Xbox One can still win the next console war
Chris Morris notes that "the embankment Microsoft faces is a lot smaller than it was a short time ago"
Coming out of E3, the momentum for the next generation was clearly on Sony's side. Microsoft, through a series of unpopular decisions and confusing, conflicting public statements, was quickly wearing down the goodwill it had built up with the Xbox 360 - at least among core gamers.
Within a week of the industry trade show's close, though, Microsoft started making changes - big ones - to win back the doubters, reversing its DRM and used game policies. Last week, those changes continued as the company changed its mind on indie game self-publishing. And with an estimated four months or so before the Xbox One hits shelves, who knows if Microsoft is finished?
There's still plenty of criticism from forum dwellers. But while it's easy to knock Microsoft for its early missteps, what a lot of people seem to be missing is that the company appears to be learning from its mistakes - and quickly. And that could help it stay on top in the years to come.
Learning from mistakes seems to be a common theme in the eighth generation of consoles. Sony has curried a lot of favor among gamers and developers for its decision to change the closed gate philosophy it has held for years, favoring partnerships, openness and accessibility instead with the PS4.
But because Microsoft's learning curve came later than Sony's, the company is being accused of simply playing catch-up to its competitor. That may be true, but since we're still very much in the pre-game for the next generation, it's not something that will have a lasting effect on the company.
"Leaders and followers don't mean much in the pre-launch days. What matters is post-launch execution"
Sony was forced to play catch-up this generation in the field of video streaming - after Xbox secured a deal with Netflix. But that hasn't stopped the console from becoming the top platform for Netflix streaming to television sets.
Put another way, leaders and followers don't mean much in the pre-launch days. What matters is post-launch execution.
There's also the possibility that Microsoft had at least some of these new policies planned long before they were announced. It's something that sounds ludicrous on the surface, I grant you, but I think back to something Yusuf Mehdi, Microsoft's chief marketing & strategy officer for the Xbox, told me at E3.
"As we get a chance to tell more of our story, more of the details will come out and things will start to self regulate," he said at the time. "We're going to be incredibly attentive to the ecosystem in the marketplace."
There will be a temptation for gamers - and the games media - to rush to call an early winner in the next generation, likely soon after the 2013 holiday season has ended. But a better barometer of how new systems are doing is a year or so post-launch, when supply constraints are less of a factor.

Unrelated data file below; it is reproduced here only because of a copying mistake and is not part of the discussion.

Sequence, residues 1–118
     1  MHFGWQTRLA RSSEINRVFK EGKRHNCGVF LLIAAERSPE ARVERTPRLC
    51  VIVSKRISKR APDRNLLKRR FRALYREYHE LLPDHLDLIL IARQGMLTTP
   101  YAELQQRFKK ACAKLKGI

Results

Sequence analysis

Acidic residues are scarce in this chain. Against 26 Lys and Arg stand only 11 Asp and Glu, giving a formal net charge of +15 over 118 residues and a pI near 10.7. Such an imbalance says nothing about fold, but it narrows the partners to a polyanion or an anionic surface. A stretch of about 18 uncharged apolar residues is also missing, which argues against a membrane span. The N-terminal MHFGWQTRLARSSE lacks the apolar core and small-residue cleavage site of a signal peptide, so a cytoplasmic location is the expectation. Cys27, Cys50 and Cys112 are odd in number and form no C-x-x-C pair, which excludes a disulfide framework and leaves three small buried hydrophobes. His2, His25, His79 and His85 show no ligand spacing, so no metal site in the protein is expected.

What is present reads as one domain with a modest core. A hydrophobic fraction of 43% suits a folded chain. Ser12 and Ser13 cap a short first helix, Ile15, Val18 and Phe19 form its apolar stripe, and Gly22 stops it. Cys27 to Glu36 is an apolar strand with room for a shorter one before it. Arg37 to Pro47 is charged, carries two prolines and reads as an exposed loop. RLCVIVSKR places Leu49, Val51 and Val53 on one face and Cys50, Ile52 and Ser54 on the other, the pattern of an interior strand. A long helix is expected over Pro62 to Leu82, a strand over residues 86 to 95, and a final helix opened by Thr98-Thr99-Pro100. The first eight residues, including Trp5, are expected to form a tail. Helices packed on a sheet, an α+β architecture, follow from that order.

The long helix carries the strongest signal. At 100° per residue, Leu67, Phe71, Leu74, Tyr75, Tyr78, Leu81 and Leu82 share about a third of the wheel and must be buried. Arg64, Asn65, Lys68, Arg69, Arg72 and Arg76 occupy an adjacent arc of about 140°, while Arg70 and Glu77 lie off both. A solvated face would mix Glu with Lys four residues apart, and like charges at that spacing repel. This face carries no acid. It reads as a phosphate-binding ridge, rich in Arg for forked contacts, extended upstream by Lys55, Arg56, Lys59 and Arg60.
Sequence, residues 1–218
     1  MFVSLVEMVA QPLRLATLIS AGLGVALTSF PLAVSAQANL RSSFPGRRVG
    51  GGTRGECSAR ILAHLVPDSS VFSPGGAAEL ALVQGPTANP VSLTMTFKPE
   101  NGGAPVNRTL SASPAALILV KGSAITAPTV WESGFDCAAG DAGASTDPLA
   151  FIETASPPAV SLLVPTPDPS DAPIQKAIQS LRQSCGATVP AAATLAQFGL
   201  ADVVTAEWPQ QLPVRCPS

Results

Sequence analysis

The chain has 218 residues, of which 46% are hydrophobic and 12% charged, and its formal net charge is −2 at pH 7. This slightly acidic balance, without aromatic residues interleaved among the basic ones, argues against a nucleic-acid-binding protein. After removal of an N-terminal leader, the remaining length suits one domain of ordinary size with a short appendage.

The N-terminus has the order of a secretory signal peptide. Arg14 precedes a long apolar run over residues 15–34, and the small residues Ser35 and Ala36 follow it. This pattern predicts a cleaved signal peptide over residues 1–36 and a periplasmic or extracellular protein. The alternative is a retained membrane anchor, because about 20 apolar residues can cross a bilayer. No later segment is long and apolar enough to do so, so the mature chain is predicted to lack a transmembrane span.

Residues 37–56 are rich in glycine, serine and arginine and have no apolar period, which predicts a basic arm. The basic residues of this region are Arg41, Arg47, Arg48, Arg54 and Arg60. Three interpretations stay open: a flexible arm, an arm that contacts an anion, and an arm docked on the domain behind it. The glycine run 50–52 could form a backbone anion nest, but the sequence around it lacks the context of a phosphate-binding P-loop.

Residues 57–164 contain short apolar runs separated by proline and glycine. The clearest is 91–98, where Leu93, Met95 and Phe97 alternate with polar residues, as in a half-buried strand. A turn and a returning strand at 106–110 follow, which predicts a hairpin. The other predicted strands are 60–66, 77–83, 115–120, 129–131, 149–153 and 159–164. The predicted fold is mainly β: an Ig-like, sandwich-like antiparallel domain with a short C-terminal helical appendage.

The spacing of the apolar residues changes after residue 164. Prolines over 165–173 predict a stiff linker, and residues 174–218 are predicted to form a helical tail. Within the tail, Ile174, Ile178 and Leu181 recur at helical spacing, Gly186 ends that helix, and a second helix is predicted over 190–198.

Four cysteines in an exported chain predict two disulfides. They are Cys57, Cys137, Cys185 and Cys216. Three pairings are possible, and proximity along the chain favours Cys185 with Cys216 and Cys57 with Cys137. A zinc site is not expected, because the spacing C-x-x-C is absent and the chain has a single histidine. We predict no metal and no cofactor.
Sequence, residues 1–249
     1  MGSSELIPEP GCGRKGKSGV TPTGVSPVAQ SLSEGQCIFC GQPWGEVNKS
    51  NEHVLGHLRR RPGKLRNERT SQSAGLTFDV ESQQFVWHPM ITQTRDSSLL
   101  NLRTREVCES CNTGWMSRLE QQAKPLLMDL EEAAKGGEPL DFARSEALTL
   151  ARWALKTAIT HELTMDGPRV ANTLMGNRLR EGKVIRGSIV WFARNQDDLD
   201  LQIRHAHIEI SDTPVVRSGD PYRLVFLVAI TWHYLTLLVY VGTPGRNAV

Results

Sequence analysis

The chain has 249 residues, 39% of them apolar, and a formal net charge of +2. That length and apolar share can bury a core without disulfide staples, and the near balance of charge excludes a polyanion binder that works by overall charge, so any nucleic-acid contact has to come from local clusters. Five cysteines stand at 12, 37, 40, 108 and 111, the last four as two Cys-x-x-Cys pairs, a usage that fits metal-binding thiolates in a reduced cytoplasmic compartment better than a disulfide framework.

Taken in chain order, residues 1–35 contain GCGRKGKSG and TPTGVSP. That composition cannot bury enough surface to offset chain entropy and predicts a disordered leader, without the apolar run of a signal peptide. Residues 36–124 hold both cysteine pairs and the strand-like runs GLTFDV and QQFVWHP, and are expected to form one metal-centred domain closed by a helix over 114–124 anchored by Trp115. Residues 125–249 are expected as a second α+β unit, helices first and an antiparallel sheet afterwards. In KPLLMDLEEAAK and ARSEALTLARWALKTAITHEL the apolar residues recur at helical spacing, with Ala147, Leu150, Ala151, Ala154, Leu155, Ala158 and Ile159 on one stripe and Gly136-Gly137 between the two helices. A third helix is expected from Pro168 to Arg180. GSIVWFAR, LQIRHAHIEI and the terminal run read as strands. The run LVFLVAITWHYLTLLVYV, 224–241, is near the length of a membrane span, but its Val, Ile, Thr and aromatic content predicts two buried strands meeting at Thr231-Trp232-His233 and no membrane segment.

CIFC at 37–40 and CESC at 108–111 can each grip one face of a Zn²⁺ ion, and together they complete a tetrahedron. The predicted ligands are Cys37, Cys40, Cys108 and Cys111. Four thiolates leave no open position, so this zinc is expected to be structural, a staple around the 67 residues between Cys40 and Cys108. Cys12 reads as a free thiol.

As Nintendo can testify, game sales are a critical factor in building an installed base in that period - and from what Sony and Microsoft have shown of their hands, Microsoft seems to be in a very strong position. The company has renewed its agreement with Activision for early access to Call of Duty DLC. Titanfall is coming next spring. And a new Halo installment is due in 2014 (almost certainly in November, if the company sticks to its usual mapping).
Sony's roadmap doesn't have those major milestones in place yet - and that could steer people to the Xbox One.
"We're just putting our shoes on to get to the start line of a long distance race"
Don't discount the run the Xbox 360 has had at retail, either. Money wonks like myself are fond of the phrase "past performance is not indicative of future results". And it's certainly an accurate saying. At the same time, momentum is momentum. And Microsoft continues to have it. By identifying (and clearing) trouble spots before the Xbox One's launch, the company improves its chances of keeping that drive rolling.
Of course, there's still a $100 price difference between the two models - and that could be one of the toughest hurdles to clear for Microsoft. Third-party publishers were just as much caught by surprise at the price as consumers were - and weren't overjoyed by it.
And, of course, it was by offering a lower-priced product this generation that Microsoft was able to quickly get out in front of Sony. Now it finds itself in a reversed role.
But Microsoft has one thing working in its favor that Sony didn't seven years ago: Deep pocketed partners, including Comcast and AT&T. With the Xbox One's positioning as an all-inclusive entertainment device, many analysts expect the system to be subsidized by one or more of those partners - likely within the first year.
Peter Moore, chief operating officer at EA says: "We're just putting our shoes on to get to the start line of a long distance race."
The Xbox One is Microsoft's most important hardware launch of the past 10 years - and will likely be the most important of the next 10 as well. So performing well in that race is critical.
While the company may have made some mistakes in the pre-game, it has taken steps to correct those. The playing field may not be completely leveled, but the embankment Microsoft faces is a lot smaller than it was a short time ago.
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